2. But on the bottom of page 46, we do replicate S&W's formula for the F-statistic? especially as a function of R^2. And page 47 applies the formula in the example, to compute the F-stat of 8.01. The other formula you also retrieved is correct, too; actually, I am pretty sure my learning XLS at https://www.bionicturtle.com/topic/learning-spreadsheet-stock-watson-chapter-4/ shows it calculated both ways, for the same result. Re: is it a testable formula? I hope not. We've tried over the years to push back on certain quantitative LOs and many of them have been softened to qualitative. The F-statistic LO previously included "define" or "calculate" in my recollection but notice the current LO: "Interpret the F-statistic." This is a strong indication that, appropriately, the formula itself will not be tested; rather, just may need to be interpreted. I hope that's helpful, thanks!

#### FlorenceCC

##### Member
Thank you very much @David Harper CFA FRM, very helpful as usual!

I think I get a little bit confused in my understanding of the F statistic that is replicated in the syllabus, i.e. F= [(SSR r - SSR unr/q) / SSR unr/(n - Kunr -1)].
I understood it as the homoskedastic-only Fstat to be used in case of a restrictions, to test the statistical significance on the regressors being restricted. But how do I use it if there are no restrictions, and i want to test the joint significance of all slope coefficients, aside from that formula above, which does not include the distinction between restricted and unrestricted?

Florence

#### David Harper CFA FRM

##### David Harper CFA FRM
Staff member
Subscriber
Hi @FlorenceCC The F-statistic applies to the test of a joint hypothesis that several regression coefficients are equal to zero, according to the null. See our exhibit below, which replicates S&W's example. This is an regression with three independent variables such that TestScr = b0 + b1*PctEl + b2*Expn + b3*STR. The "overall regression" F-statistic is typically generated by the software; in my Excel below, =LINEST produces this overall regression F-stat = 107.455. But it can also be found with (ESS/df)/(RSS/df) = (66,410/3)/(87,500/416) = 107.455. It is potentially confusing because you might logically say that "this typical F-statistic is testing the joint null hypothesis that all three regressands are equal to zero, which is the special case of three restrictions," but S&W are calling this an unrestricted regression. That is, if we are restricting all of the coefficients (aka, imposing restrictions on all of the coefficients), it is the "unrestricted" regression! (which makes some sense actually)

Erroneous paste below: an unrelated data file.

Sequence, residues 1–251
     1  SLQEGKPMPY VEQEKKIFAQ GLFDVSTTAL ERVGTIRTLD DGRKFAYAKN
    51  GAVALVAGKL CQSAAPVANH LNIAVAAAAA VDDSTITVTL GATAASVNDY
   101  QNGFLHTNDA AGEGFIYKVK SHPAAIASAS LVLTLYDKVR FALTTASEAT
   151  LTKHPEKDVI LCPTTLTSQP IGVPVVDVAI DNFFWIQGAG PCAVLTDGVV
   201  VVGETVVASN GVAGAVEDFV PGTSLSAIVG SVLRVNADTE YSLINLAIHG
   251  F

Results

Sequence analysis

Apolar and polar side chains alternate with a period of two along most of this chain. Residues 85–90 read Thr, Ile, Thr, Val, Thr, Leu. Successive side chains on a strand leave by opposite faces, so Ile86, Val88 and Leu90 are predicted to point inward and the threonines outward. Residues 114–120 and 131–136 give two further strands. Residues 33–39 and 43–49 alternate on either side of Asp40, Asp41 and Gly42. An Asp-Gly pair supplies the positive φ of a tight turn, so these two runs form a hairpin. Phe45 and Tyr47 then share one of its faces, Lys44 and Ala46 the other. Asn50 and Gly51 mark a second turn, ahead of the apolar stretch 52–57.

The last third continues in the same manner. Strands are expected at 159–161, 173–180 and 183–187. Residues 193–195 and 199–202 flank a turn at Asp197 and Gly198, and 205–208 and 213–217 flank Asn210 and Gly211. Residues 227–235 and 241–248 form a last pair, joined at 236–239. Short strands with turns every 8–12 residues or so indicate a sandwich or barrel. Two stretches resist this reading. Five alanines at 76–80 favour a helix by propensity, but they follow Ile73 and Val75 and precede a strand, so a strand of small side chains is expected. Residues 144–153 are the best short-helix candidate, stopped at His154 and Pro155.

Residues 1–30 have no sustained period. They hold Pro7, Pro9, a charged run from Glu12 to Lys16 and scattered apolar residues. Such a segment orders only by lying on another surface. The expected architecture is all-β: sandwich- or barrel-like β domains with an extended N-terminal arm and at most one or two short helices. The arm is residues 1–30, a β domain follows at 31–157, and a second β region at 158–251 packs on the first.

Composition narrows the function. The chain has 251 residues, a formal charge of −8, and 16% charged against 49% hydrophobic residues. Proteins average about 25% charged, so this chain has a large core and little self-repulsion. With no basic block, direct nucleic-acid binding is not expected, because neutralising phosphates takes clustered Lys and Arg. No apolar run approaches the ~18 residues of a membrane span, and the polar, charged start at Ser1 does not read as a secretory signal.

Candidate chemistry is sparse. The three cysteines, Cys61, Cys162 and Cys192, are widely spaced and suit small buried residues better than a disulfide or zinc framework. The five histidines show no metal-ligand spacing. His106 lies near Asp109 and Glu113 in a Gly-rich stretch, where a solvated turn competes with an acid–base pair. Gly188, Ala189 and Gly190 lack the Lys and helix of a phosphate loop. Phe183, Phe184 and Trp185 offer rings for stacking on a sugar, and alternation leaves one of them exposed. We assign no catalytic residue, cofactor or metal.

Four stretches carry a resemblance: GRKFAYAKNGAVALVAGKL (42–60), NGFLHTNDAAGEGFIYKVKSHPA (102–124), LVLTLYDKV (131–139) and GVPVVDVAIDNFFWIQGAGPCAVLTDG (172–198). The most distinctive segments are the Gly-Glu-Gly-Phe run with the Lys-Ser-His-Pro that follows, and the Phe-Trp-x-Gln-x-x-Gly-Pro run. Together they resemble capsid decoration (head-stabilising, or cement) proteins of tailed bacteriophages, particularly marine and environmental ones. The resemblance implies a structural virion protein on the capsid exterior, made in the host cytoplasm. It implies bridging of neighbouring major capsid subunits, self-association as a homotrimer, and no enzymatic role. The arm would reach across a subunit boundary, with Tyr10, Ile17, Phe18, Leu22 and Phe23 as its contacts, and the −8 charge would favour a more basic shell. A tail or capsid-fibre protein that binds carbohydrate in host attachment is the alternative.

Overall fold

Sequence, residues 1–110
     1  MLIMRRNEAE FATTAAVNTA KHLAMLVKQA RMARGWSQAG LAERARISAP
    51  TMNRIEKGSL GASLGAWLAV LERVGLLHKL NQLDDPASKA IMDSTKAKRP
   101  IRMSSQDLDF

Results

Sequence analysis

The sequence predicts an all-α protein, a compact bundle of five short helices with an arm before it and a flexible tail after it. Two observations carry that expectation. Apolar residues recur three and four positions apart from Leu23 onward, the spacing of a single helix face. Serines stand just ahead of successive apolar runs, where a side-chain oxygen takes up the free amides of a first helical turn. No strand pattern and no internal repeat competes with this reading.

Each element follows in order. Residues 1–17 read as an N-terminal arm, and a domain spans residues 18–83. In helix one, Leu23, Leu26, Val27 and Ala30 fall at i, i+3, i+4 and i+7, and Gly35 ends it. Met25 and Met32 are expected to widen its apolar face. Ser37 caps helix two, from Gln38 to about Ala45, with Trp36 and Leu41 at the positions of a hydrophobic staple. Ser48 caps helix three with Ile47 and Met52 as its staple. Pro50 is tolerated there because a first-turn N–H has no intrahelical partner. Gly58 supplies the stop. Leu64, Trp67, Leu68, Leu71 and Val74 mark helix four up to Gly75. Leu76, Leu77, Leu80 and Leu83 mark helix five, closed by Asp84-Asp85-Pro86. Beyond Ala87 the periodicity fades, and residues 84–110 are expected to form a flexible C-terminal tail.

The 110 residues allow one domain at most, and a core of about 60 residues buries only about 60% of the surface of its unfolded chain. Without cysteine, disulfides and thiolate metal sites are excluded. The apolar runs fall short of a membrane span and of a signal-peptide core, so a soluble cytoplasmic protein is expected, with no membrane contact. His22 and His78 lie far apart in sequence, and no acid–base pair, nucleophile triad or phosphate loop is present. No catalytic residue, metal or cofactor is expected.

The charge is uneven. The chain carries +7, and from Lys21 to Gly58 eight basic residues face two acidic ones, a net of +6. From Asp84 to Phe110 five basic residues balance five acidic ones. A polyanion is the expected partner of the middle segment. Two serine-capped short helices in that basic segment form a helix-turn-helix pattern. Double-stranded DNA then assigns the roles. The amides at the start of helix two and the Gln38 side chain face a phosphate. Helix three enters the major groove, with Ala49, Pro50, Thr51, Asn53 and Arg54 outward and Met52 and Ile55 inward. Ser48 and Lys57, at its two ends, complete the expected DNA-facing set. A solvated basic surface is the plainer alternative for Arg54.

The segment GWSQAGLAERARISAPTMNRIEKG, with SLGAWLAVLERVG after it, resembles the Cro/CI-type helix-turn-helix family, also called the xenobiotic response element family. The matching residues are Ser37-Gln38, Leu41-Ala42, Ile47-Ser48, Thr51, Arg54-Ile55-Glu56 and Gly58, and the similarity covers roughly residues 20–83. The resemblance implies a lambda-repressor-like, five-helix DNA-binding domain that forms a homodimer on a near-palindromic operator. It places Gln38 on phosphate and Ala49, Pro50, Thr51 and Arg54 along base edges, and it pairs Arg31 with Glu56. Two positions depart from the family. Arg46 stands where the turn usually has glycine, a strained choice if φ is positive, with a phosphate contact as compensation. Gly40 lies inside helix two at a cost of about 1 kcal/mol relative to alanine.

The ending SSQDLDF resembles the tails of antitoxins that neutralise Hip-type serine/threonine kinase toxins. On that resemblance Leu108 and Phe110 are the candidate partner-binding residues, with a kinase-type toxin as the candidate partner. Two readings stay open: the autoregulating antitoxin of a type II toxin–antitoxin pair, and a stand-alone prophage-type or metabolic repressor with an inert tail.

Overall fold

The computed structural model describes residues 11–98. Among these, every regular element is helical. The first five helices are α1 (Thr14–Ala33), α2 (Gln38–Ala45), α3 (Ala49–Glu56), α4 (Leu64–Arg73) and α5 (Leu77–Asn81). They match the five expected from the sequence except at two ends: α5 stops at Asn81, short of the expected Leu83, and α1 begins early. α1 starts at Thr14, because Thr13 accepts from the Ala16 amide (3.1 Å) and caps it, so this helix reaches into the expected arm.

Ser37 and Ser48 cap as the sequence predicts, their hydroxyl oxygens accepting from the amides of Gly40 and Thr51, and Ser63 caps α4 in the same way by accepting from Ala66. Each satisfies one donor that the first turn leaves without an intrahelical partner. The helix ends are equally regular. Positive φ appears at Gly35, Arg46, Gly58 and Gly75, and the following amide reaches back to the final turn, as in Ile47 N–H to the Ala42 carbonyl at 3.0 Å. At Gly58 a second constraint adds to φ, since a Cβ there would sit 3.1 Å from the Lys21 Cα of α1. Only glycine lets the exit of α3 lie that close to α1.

Then, separately, in the exhibit below, there are homoskedastic-only F-stats = 8.010, calculated per F-stat as function of SSR (like your equation above) and R^2, restricted versus unrestricted. This is following S&W's example. These 8.01 are not a joint test of all three coefficients, but rather a joint test with only two (2) restrictions, q = 2: the joint null is that both STR and Expn are equal to zero. The F-stat of 8.01 uses as inputs either the unrestricted SSR (85,700) or unrestricted R^2 (0.437) which are produced by the overall regression. I hope that helps clarify!